Belgian sex workers ask new government to decriminalise prostitution

Belgian sex workers ask new government to decriminalise prostitution

Utopsi, an interest group for and by sex workers, called for a complete decriminalisation of sex work and a self-employment statute to protect themselves legally and socially.

Currently, sex work in Belgium is legal but everything around it, such as soliciting, advertising for sex work or pimping, is illegal.

There are no statutes for the estimated 26,000 sex workers in Belgium, which means they often have no access to social rights, and as the federal laws are interpreted differently in each municipality, the policy on prostitution in one street can differ from the policy in the next street.

To help politicians in the new government create a workable policy, Utsopi, the organization for and by Belgian sex workers, presented a list of requests and expectations just before the elections.

First of all, Utsopi asked to be involved as a full discussion partner in political debates at all levels of the government. "We want nothing about us discussed without us in the room," explained Sonia Verstappen, founder and co-chairman of Utsopi to Bruzz.

"It is absurd that decisions are made to protect us, without having first listened to our needs and expectations. No one but sex workers know better what is going on in the field," Verstappen added.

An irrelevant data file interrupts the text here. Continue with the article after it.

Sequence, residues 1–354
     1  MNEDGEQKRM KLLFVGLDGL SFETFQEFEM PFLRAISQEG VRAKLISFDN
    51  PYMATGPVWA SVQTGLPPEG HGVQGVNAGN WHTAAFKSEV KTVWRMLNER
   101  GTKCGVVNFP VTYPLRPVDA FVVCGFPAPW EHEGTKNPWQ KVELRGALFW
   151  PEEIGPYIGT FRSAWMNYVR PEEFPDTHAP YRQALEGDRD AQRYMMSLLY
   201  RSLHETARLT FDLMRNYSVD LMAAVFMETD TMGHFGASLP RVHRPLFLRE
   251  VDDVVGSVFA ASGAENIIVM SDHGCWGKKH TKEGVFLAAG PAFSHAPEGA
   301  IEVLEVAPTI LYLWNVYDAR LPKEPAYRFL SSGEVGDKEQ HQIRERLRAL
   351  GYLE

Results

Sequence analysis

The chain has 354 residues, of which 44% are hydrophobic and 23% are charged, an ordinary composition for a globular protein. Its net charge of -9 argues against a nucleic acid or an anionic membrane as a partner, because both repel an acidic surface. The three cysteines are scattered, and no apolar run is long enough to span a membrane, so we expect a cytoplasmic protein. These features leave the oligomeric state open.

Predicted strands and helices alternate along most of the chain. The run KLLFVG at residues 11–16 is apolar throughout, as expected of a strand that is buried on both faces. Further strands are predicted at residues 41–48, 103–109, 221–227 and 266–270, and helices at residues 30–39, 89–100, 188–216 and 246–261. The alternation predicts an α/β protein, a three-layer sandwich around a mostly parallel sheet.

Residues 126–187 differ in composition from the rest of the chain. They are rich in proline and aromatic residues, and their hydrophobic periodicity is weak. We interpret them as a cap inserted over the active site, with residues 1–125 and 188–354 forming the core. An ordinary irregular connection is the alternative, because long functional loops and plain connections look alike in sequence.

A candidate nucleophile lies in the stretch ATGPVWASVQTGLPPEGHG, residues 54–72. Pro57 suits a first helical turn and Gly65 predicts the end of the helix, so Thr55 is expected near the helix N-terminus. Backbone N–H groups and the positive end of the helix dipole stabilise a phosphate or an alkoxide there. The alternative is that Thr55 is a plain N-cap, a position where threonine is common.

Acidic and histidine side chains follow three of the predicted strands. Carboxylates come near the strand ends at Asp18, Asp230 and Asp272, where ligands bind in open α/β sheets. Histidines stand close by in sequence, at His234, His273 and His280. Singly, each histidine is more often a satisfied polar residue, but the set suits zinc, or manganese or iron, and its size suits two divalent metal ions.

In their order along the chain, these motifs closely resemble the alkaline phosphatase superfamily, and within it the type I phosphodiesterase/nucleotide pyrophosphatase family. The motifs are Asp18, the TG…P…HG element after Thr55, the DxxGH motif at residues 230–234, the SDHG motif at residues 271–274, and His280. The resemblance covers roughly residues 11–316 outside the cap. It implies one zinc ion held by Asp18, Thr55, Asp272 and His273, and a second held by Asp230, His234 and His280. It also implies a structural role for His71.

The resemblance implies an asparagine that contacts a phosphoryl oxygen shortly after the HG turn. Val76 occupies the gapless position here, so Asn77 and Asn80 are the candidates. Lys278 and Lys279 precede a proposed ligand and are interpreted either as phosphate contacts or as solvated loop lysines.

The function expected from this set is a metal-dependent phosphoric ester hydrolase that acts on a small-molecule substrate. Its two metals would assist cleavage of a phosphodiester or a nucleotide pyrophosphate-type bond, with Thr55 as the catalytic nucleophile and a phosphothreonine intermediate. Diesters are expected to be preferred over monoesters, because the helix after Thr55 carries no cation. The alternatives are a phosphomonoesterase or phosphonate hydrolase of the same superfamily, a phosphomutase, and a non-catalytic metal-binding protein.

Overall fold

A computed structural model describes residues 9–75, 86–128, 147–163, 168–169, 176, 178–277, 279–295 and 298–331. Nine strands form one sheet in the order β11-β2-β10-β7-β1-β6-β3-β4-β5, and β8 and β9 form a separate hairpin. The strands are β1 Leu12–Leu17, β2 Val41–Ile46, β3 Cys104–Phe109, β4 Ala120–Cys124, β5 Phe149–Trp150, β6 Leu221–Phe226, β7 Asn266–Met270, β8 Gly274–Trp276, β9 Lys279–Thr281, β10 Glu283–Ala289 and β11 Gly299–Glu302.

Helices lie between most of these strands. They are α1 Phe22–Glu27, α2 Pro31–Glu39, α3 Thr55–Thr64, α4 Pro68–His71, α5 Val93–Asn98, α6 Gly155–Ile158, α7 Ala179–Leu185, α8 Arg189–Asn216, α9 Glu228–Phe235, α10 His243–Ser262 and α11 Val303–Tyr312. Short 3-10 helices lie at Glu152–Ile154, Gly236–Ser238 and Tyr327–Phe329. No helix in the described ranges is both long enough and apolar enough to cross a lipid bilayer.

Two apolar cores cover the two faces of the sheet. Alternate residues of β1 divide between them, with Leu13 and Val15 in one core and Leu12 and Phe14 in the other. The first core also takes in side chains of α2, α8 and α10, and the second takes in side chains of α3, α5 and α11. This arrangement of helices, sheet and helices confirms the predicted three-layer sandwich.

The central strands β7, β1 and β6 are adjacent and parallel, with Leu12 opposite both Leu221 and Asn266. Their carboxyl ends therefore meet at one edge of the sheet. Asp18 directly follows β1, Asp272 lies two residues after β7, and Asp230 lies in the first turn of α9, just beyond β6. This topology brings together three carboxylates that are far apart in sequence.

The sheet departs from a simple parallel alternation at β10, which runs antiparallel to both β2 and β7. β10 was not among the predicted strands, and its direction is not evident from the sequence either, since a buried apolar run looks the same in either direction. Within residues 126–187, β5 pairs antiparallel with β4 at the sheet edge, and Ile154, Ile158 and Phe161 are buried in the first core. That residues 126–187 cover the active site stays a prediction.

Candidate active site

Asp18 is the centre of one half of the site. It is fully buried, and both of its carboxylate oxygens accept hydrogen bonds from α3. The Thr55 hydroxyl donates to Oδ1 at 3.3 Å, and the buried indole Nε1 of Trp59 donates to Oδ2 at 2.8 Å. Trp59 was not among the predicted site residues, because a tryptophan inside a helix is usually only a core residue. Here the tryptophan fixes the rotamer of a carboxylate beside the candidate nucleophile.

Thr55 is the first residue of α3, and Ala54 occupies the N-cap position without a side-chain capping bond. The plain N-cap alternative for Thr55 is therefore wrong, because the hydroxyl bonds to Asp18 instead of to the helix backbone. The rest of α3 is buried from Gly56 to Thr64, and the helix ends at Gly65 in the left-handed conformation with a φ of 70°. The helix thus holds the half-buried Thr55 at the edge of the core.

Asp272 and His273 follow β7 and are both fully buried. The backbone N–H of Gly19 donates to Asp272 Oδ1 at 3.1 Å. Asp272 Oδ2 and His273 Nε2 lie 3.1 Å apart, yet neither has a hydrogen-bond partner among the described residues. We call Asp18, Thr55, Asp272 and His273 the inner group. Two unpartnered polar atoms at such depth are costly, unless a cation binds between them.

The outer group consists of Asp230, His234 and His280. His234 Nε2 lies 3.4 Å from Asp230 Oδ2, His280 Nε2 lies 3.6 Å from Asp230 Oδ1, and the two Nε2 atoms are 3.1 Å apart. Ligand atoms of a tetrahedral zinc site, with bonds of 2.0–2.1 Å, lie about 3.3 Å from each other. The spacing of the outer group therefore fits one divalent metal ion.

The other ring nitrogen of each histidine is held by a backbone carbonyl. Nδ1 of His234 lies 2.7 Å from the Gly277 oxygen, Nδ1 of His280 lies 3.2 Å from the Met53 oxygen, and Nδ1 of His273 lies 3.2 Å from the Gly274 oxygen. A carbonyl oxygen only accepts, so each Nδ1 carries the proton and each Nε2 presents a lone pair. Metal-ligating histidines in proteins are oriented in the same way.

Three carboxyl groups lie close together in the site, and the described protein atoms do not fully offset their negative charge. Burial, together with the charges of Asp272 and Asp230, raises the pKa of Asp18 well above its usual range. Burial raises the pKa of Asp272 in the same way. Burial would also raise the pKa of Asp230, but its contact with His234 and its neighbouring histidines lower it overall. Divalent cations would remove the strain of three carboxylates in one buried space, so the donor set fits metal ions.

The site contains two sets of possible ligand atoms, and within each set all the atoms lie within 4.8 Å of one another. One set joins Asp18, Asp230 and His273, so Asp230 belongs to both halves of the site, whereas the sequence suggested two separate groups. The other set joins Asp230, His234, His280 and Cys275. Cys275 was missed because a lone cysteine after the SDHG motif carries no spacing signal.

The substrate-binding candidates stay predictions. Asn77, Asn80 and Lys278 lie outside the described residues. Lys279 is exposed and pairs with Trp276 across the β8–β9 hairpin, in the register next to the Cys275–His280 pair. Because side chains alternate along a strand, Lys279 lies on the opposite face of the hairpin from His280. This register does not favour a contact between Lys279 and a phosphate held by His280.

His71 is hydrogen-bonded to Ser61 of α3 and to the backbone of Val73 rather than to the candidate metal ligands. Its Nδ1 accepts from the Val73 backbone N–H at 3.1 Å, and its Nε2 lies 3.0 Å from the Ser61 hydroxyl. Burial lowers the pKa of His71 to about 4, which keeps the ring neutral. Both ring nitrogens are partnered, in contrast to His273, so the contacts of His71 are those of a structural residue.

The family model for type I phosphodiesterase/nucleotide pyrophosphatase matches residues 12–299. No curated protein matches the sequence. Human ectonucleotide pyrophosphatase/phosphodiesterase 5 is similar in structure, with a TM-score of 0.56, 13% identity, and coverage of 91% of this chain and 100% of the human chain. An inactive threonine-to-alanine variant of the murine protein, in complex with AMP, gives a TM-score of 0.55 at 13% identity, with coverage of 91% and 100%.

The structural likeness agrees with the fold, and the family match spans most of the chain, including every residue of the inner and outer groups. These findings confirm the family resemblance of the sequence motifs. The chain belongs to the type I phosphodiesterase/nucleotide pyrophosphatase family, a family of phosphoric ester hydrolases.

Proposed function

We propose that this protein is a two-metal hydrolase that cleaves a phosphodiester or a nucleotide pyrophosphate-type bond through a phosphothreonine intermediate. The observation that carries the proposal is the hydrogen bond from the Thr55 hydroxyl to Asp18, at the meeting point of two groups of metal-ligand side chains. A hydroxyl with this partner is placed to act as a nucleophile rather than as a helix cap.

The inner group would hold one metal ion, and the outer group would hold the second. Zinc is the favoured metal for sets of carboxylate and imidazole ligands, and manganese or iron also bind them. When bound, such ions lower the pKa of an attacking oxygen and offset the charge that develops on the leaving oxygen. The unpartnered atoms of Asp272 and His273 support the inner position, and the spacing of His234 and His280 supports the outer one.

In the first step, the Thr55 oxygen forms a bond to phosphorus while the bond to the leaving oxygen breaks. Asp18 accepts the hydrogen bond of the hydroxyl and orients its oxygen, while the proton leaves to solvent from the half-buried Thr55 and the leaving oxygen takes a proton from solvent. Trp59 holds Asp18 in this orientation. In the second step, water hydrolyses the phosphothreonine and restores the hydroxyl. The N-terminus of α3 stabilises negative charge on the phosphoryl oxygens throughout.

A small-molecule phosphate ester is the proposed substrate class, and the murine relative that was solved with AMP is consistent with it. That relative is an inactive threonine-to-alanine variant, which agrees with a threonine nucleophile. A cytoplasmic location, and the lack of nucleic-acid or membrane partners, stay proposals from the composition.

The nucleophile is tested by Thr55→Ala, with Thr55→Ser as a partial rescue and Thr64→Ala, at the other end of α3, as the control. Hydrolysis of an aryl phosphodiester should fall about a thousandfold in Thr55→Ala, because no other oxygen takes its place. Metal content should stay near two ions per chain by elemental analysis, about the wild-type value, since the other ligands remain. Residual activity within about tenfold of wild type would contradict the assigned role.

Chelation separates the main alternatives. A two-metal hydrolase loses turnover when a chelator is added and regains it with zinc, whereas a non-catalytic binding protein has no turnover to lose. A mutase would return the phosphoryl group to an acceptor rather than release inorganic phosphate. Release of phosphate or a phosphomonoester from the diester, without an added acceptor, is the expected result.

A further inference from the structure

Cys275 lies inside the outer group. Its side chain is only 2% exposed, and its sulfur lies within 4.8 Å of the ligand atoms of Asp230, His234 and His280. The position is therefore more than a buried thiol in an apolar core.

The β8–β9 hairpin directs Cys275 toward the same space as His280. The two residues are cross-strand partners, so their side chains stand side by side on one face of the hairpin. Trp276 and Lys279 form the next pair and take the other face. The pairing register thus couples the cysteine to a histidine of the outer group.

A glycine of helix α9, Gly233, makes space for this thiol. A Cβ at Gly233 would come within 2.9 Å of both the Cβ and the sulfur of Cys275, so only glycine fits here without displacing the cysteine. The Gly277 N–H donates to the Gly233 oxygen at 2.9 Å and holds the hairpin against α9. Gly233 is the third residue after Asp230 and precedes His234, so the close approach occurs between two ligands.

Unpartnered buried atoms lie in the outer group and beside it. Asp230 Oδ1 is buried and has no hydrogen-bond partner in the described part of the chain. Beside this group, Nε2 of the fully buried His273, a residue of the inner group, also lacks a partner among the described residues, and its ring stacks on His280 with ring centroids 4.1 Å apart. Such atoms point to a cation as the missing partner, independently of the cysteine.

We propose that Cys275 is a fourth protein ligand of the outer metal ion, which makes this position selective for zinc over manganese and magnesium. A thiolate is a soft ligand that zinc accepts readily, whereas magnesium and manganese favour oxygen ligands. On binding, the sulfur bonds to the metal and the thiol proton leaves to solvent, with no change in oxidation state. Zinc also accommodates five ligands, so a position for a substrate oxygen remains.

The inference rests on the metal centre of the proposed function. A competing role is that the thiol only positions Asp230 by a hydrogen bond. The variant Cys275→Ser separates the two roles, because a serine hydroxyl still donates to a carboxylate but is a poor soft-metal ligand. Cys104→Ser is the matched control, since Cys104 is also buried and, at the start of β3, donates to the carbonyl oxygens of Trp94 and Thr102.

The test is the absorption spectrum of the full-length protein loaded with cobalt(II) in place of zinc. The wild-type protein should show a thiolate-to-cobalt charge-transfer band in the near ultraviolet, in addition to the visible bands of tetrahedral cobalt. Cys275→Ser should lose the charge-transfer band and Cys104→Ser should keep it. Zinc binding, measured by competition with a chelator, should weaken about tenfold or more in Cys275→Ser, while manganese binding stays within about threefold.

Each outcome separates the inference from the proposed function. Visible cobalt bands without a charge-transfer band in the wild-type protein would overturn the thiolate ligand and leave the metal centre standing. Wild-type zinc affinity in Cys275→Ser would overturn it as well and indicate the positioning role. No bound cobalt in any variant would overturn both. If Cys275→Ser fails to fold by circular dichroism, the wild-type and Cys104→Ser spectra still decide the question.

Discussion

Her colleague Maxime Maes added that the need is great. "A few of our colleagues died last year. The violence continues," she said to Bruzz.

To make sex work safer, it must become a profession like every other, and should also be seen that way. Utsopi, therefore, advocated for recognition of the profession and easier access to the self-employed statute.

Pimping, which is now prohibited, must be redefined as well. According to Utsopi, the term is currently too broad. Collectives of sex workers who work together can end up in the grey zone as 'pimps', just like payrolling services such as Tentoo or Smart.

The stigmatisation of sex workers must be countered. Utsopi wants to do this by making discrimination against sex workers punishable. The police must also be made aware of how to handle sex workers, just as they are getting training courses on LGBTQ people.

Maïthé Chini

The Brussels Times

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